How Healthcare Organizations Are Making the Case to Strengthen Cybersecurity


At the end of March, the U.S. Department of Health and Human Services discussed its plans to create a centralized resource to help improve cybersecurity coordination for healthcare.

These plans come amid the fallout from the Change Healthcare cyberattack that rocked the industry when it was announced in February. An American Hospital Association survey conducted in early March found that 94 percent of responding hospitals saw a financial impact from the incident. U.S. government officials have ramped up scrutiny of the industry’s cybersecurity practices in recent weeks. 

“Organizations need to operate under the assumption that they’ll be breached at one point or another,” Buck Bell, who leads CDW’s Global Security Strategy Office, said as part of recent CDW research with IT leaders. “In a sense, that’s the entire basis of the zero-trust push that we’ve been seeing over the past couple of years, the idea that you may have already been compromised.”

At this point, there is still more to learn from this serious, wide-reaching cyberattack. It was certainly top of mind when healthcare leaders met in March for the 2024 Healthcare Information and Management Systems Society global conference and exhibition in Orlando, Fla.

It was a reminder that cybersecurity, and cyber resilience, remain priorities for healthcare organizations. As Hackensack Meridian Health CISO Mark Johnson said during his HIMSS24 presentation, “If you’re standing still in cyber, you’re getting left behind.” 

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Connecting Cybersecurity to Your Strategic Mission

Today’s healthcare environments aren’t restricted to inside hospital walls. With virtual care, remote patient monitoring and increasing digital access points, healthcare organizations manage a complex, interconnected ecosystem. Healthcare continues to evolve to meet patient expectations for accessible care, and that requires connectivity and interoperability that can make for persistent cybersecurity challenges.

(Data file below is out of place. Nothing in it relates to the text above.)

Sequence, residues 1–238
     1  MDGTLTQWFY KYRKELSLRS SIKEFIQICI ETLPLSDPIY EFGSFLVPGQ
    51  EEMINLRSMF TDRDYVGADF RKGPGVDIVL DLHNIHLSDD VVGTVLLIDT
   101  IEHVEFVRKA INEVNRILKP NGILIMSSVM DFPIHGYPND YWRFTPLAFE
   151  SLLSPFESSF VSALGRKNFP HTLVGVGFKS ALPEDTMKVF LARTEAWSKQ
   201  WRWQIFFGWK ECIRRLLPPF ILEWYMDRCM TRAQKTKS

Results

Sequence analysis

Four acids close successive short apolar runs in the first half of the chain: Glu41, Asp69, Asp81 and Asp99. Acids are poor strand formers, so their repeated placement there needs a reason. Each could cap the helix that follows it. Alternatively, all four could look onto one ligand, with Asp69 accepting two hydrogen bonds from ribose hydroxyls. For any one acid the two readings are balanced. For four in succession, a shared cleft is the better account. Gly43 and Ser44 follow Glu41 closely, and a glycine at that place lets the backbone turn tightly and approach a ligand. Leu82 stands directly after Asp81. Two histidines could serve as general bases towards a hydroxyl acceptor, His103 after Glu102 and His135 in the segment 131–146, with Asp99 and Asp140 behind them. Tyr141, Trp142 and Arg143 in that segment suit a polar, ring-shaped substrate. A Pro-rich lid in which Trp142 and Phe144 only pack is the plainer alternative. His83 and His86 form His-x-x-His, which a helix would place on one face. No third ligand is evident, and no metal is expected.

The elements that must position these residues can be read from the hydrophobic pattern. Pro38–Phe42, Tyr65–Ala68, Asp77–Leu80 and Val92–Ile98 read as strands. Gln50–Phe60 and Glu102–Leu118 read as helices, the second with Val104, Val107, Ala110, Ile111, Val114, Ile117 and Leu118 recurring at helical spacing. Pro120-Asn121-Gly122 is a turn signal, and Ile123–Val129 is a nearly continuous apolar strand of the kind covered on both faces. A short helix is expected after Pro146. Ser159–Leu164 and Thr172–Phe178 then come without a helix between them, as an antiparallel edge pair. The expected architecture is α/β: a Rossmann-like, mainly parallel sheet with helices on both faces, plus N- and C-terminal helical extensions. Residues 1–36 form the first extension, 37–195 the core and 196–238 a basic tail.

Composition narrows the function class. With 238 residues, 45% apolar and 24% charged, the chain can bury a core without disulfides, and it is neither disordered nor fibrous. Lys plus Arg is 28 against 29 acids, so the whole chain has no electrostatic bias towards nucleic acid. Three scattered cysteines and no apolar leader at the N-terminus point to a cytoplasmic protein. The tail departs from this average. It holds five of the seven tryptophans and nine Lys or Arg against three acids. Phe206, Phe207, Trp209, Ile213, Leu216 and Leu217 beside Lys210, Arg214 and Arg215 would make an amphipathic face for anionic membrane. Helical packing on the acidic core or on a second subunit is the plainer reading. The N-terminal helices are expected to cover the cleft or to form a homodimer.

“The more holistic view you have of the enterprise as a whole — not only the specific cyber risk itself but the business impacts that are associated with it — typically the more successful you’re going to be in your cyber resilience aims,” Bell said. “From my perspective, cyber risk is business risk.”

When it comes to justifying cybersecurity investments to the C-suite, 35 percent of healthcare IT leaders said that showing the cost of a data breach, such as in loss of sales and productivity, has been very effective for obtaining funding, according to CDW research.

RELATED: Staff shortages are impacting healthcare cybersecurity strategies.

Hackensack Meridian Health leaders echoed this finding when they shared lessons from a 2019 ransomware attack, which prompted increased cybersecurity funding, more proactive leadership security and third-party risk management for the New Jersey-based health system.

“Every leader in every organization is a risk manager. They make risk decisions every day,” said Christopher Jurs, director of identity governance and cybersecurity planning at Hackensack Meridian Health, during his HIMSS24 session. 

But as healthcare matures its zero-trust security strategy, which has gained momentum in recent years with the push for adoption by federal agencies, barriers remain. Nearly 50 percent of healthcare IT leaders said that the integration of legacy tools is a top challenge for implementing zero-trust principles, followed by establishing an effective zero-trust strategy in the first place (45 percent) and meeting cultural resistance from users (32 percent).

Difficulties with Integration for Healthcare Cybersecurity

When it comes to factors that are still missing from an organization’s approach to cybersecurity, healthcare IT leaders named insufficient or ineffective employee security training, a lack of budgetary resources and inadequate threat detection as top reasons, according to CDW research. However, about 47 percent of IT leaders said that they are very confident that they have sufficient visibility into their current cybersecurity landscape.

That seems to align with the experiences of some healthcare organizations that are maturing their network monitoring and device management approaches. Health systems often have to manage hundreds or even thousands of devices, from MRI machines, glucose monitors and infusion pumps to smartphones and tablet devices. California-based El Camino Health, for example, has more than 30,000 endpoints, Deputy CISO Lawrence Smith said at HIMSS24.

Still, the integration of security tools remains an area for improvement. About 33 percent of healthcare IT leaders said that they’re finding it somewhat difficult to integrate all of the security tools that they are using, according to CDW research.

“We talk a lot about rationalizing tool sets, and the way you rationalize is you look at the overlapping functionality that you have in play,” said CDW Vice President of Security Stephanie Hagopian. “Are there ways to deprecate overlapping functionality? If so, deprecate and consolidate, and then use that money you’re saving to invest in the places where you have a gap.”


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